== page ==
The national athletics contingent played the biggest role in the SA team’s 37-medal haul at the Commonwealth Games, raking in a total of 14 podium places during the week-long track and field competition which came to a close on Saturday.
We look back on some of the country’s top performers.
Caster Semenya (800m gold, 1 500m gold)
Utilising her tactical experience, Semenya launched a late kick in the women’s 1 500m final to secure her maiden Commonwealth Games medal. Driving hard around the final bend, she burst clear of the rest of the field to win in 4:00.71, knocking 1.10 off Zola Budd’s 34-year-old SA record. Three days later she coasted to 800m gold in 1:56.68, becoming only the third woman to bag the middle-distance double at the Games.
“With the experience we have, we’re more mature – it has been almost 10 years running 800m – so for us it’s quite easy to run 800m and 1 500m, but 1 500m is the hardest because it’s beyond the distance I usually do. As an athlete you set goals and targets, and you need to take risks if you want to be the best.”
Akani Simbine (100m gold, 4x100m silver)
After giving the 200m event a miss, in order to focus on the 100m contest, his gamble paid off and Simbine stormed to a convincing victory in the final in 10.03 to win his first major senior international title. He went on to anchor the SA 4x100m relay team, shutting down the Australian quartet and the powerhouse Jamaican outfit to grab the silver medal in 38.24. They chopped 0.11 off the previous mark, taking second place behind England.
“I wasn’t surprised about the race (100m final). I knew I could win, and I knew I would win if I put together my race and made sure I got in front from the start. I believed in myself, I believed in the work that my coach (Werner Prinsloo) and I have done, and we made sure that by the time I got to the final I was ready to ensure I got to the line first.”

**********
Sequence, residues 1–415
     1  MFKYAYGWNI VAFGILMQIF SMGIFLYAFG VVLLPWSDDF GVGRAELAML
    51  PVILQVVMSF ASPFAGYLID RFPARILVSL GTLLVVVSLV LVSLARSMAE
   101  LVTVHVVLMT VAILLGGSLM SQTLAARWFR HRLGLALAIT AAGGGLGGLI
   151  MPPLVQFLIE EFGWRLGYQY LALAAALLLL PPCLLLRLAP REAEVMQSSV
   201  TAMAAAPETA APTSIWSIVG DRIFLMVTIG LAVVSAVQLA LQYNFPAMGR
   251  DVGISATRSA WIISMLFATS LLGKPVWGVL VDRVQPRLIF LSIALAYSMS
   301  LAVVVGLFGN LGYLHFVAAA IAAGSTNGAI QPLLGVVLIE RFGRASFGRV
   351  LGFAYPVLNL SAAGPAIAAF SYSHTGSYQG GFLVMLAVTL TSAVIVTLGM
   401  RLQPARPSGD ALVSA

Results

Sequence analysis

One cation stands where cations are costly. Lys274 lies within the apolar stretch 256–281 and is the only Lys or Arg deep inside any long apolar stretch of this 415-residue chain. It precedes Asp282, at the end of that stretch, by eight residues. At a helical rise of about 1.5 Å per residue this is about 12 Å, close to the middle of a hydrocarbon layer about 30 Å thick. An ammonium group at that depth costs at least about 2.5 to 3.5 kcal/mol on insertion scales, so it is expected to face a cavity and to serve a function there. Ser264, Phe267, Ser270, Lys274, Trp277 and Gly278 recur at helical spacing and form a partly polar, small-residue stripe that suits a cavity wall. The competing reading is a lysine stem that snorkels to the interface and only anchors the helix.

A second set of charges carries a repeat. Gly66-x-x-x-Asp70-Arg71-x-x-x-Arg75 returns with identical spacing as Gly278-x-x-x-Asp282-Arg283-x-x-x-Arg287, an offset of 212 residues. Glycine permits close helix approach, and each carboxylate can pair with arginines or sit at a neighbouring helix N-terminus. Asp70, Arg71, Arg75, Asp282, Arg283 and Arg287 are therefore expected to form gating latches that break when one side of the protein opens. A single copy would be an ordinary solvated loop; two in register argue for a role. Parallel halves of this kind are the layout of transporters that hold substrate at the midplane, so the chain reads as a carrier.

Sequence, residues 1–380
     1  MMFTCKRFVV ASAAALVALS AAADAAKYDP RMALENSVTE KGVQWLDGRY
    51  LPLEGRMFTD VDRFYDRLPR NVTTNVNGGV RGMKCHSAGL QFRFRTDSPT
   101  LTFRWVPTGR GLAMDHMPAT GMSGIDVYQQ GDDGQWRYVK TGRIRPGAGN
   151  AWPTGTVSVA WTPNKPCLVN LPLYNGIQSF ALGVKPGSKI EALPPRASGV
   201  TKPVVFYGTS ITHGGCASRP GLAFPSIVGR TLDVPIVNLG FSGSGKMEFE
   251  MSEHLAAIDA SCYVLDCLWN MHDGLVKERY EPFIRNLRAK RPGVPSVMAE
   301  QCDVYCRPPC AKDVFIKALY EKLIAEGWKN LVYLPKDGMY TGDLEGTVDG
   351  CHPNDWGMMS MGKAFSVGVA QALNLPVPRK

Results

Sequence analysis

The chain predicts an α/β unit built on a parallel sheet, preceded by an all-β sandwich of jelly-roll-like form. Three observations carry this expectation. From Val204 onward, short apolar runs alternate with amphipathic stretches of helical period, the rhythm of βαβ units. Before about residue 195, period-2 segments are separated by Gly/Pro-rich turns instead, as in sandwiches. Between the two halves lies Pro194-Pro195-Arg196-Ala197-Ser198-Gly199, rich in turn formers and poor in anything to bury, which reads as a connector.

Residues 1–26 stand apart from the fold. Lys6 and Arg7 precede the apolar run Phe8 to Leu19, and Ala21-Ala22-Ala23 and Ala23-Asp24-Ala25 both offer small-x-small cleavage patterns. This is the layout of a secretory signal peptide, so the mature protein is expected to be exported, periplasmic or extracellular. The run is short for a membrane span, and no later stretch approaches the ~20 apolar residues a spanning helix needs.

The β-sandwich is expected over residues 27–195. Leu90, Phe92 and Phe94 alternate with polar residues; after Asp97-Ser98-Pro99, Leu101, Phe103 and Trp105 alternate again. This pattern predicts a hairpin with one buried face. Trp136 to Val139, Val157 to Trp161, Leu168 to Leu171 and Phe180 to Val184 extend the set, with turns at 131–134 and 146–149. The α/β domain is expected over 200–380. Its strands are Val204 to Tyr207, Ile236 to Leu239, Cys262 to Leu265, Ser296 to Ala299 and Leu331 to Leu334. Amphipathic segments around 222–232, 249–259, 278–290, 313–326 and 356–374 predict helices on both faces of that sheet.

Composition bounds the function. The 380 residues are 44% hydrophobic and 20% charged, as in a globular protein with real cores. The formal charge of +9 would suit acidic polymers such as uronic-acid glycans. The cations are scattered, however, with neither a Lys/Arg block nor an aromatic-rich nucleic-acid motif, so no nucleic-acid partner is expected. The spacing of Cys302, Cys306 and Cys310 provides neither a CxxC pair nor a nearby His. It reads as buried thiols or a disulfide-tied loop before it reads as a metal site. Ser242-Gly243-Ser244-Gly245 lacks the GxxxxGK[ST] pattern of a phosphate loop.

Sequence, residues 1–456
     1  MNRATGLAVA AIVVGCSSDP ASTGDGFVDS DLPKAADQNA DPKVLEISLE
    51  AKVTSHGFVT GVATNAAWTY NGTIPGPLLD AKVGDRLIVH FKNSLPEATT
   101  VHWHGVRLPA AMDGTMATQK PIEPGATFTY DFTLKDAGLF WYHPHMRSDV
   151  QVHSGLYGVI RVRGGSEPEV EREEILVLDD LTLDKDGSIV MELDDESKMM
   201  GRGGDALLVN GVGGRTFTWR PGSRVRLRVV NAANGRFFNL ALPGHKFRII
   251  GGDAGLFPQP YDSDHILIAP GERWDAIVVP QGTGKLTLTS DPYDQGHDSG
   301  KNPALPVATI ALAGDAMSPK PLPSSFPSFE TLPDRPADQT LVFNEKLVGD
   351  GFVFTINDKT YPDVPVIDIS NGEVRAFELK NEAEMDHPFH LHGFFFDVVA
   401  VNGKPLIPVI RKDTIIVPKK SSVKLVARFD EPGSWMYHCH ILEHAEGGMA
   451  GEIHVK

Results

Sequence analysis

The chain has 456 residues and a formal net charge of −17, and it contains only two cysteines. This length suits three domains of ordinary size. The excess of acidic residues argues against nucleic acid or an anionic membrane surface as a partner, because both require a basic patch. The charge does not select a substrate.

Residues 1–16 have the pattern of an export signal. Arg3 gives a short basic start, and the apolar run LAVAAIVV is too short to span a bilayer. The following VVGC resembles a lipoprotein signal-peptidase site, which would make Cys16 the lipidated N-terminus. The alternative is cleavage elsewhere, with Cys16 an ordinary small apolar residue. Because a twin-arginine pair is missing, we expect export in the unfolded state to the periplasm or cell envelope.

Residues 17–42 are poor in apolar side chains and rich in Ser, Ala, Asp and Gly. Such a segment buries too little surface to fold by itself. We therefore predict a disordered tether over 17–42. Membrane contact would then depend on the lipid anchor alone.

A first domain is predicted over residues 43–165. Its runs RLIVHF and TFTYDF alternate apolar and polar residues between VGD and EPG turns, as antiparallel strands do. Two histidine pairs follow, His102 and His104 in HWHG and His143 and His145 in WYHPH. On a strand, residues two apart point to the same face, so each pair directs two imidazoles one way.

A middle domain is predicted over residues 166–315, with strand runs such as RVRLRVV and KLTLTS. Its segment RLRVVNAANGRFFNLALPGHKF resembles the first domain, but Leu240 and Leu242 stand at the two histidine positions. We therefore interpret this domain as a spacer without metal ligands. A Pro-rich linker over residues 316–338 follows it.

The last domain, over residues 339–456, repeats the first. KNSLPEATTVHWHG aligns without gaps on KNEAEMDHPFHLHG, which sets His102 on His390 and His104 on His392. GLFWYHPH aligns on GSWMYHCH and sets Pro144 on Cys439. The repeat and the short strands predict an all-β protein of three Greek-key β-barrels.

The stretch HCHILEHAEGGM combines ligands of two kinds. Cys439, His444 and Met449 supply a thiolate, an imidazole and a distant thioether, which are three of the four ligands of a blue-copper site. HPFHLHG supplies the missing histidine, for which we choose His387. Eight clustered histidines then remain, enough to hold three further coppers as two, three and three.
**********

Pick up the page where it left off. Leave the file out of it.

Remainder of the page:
Luvo Manyonga (long jump gold)
Though he was locked in an early tussle with Australian athlete Henry Frayne, who took the lead with a leap of 8.33m in the second round, Manyonga took control with an 8.35m attempt in the fourth. He went on to cement the victory with an 8.41m Games record from his final effort, taking the stop step of the podium on his Commonwealth debut and bagging a one-two with compatriot Ruswahl Samaai, who earned bronze (8.22m).
“This was very important to me. It was my first Commonwealth Games and I got the gold medal with the Games record. It was on my bucket list of major competitions (this year) so I’ve already ticked the Commonwealth Games title. Now I’m looking for the Continental Cup, and there are still more to tick.”
Henricho Bruintjies (100m silver, 4x100m silver)
Having shown some of his best form on the domestic circuit, Bruintjies produced a superb performance in the 100m final. Though he was 0.14 off the pace of Simbine, dipping on the line in 10.17, he held off former world champion Yohan Blake of Jamaica by 0.02 to grab the silver medal. Bruintjies, who also got the 4x100m team off to a cracking start in the relay final, was one of only three South African athletes to earn two medals.
“For me personally, to get onto the podium was a big thing. I had to dig really deep for that one (100m silver) because I got into the final as one of the fastest losers, so no-one really gave me a chance, and I basically went out there and executed what I knew I was capable of doing. I always believed I was capable of competing and performing on the big stage. When the pressure’s on, that’s when I show up.”
Sunette Viljoen (javelin bronze)
If she hadn’t already established herself as the undisputed queen of consistency, Viljoen took firm grasp of her crown in the javelin throw final. Making an explosive return to top-flight competition, after battling with a back injury that kept her out of last year’s World Championships, she delivered a 62.08m effort with her opening attempt, which was enough for bronze. It was her fourth straight Commonwealth Games medal.
“I only had one competition before the Commonwealth Games. I couldn’t have done any more technically, and I prepared to the best of my ability with what my body was capable of, so I’m so happy to walk away with my bronze. Very proud. I just have to get my timing, which will slowly but surely come back, working towards Doha next year for the World Championships and then it will be my fifth Olympic Games in Tokyo (2020).”